May 1, 2012

Flat Spin by David Freed

Flat Spin, scheduled for release today, is a captivating mystery thriller written by Pulitzer Prize winning journalist David Freed, who covered the Rodney King riots, Desert Storm and other important events in history. The following is a summary, courtesy of Amazon because it is much better than I can provide myself, of Freed's new thriller.

Based in sunny Rancho Bonita - "California's Monaco" as the city's moneyed minions like to call it - Cordell Logan is a literate, sardonic flight instructor and aspiring Buddhist with dwindling savings and a shadowy past. When his beautiful ex-wife, Savannah, shows up out of the blue to tell him that her husband has been murdered in Los Angeles, Logan is quietly pleased. Savannah's late husband, after all, is Arlo Echevarria, the man she left Logan for.

Logan and Echevarria were once comrades-in-arms assigned to a top-secret military assassination team known as "Alpha." The only problem is, the LAPD can find no record of Echevarrias ever having toiled for Uncle Sam. Savannah wants Logan to tell the police what he knows. At first he refuses, but then, relying on his small, aging airplane, the "Ruptured Duck," and the skills he honed working for Alpha, Logan doggedly hunts Echevarria's killer.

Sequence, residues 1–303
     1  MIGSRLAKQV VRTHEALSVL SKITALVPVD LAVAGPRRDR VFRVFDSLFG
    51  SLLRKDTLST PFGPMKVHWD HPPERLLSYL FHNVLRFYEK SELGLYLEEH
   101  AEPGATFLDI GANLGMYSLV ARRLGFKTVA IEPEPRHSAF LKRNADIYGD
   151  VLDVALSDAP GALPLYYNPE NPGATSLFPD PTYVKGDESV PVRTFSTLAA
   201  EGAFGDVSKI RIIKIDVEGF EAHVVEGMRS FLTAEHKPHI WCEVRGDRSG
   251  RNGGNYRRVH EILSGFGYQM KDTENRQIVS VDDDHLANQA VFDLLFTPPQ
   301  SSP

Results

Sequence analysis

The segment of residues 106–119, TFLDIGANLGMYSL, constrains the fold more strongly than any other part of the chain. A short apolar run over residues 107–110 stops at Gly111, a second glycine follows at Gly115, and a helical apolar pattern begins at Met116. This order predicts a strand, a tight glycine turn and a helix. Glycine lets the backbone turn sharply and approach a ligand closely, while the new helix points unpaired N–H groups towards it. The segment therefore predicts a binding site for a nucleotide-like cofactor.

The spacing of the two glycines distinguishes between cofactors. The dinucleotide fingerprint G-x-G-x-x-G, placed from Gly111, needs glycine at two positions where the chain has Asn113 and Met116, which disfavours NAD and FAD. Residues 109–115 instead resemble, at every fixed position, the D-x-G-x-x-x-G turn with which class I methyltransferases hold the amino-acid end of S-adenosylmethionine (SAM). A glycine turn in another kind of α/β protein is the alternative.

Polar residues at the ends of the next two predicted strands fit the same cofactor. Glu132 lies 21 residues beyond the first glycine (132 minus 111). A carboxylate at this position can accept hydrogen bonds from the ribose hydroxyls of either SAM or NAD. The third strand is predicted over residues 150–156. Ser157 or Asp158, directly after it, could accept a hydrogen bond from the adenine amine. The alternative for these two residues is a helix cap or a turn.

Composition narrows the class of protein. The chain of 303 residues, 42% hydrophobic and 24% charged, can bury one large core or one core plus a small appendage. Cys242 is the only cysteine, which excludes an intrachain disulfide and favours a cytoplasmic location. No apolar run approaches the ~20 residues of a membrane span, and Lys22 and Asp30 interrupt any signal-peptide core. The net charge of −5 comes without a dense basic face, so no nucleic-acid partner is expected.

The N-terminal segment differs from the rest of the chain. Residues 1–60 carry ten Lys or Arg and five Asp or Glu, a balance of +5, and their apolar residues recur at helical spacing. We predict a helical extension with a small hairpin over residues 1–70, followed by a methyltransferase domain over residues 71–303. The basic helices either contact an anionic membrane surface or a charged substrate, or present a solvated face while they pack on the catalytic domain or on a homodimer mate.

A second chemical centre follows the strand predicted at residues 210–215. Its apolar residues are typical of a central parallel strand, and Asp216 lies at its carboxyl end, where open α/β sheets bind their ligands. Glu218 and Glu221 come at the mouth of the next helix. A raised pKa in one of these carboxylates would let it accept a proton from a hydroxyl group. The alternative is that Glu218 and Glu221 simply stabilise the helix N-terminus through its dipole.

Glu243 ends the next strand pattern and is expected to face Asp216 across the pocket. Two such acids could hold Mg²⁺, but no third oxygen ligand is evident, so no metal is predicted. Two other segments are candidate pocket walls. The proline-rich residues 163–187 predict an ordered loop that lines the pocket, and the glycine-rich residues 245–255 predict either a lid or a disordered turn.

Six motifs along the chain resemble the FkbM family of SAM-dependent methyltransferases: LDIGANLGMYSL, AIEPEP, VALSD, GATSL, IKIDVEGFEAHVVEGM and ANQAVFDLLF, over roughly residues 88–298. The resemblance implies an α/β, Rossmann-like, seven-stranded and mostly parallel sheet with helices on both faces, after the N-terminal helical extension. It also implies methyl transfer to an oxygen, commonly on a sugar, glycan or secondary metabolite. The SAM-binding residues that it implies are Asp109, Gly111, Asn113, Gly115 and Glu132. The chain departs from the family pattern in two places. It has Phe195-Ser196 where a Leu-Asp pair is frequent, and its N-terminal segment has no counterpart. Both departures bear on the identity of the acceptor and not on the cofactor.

His trail takes him from the glitzy Las Vegas Strip to the most dangerous ghettos of inner-city Oakland, from darkened, Russian Mafia haunts in West Los Angeles to the deserts of Arizona. But that's the least of his problems. It is his love-hate relationship with Savannah, a woman Logan continues to pine for in spite of himself, that threatens to consume him.

 I personally read Flat Spin in one night and I really enjoyed it. The characters were captivating and there were some laugh out loud lines, which I loved. Logan is a witty and charming character who I greatly enjoyed. I especially loved his landlady, Mrs. Schmulowitz, who seems to be the exact kind of person I want to live next to for the sheer entertainment of an eccentric elderly woman. Mrs. Schmulowitz easily became my favorite character and Freed made her an entertaining character that added to the story in a fun and light way without taking away from the thrill of a crime novel.

I truly enjoyed the book and liked the story a lot. However, I must admit that there was way too much unnecessary vulgar language. I hit my limit of allowable language way too early in the book and it didn't get better. It could have easily been left out and the novel would be better without it. I enjoyed the book, but due to my distaste for the over-abundance of cursing, I can only give the book 3 1/2 stars.

I received a copy of this book for the purpose of review.

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